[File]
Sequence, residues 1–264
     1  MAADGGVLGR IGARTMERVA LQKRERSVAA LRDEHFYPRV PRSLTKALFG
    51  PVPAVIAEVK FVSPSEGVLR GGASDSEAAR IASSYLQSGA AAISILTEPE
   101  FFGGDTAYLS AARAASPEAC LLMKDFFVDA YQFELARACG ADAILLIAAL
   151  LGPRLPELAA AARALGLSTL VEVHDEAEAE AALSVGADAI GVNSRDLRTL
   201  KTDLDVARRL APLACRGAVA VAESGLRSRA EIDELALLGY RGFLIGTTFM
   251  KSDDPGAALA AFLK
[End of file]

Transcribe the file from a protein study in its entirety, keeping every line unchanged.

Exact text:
Sequence, residues 1–264
     1  MAADGGVLGR IGARTMERVA LQKRERSVAA LRDEHFYPRV PRSLTKALFG
    51  PVPAVIAEVK FVSPSEGVLR GGASDSEAAR IASSYLQSGA AAISILTEPE
   101  FFGGDTAYLS AARAASPEAC LLMKDFFVDA YQFELARACG ADAILLIAAL
   151  LGPRLPELAA AARALGLSTL VEVHDEAEAE AALSVGADAI GVNSRDLRTL
   201  KTDLDVARRL APLACRGAVA VAESGLRSRA EIDELALLGY RGFLIGTTFM
   251  KSDDPGAALA AFLK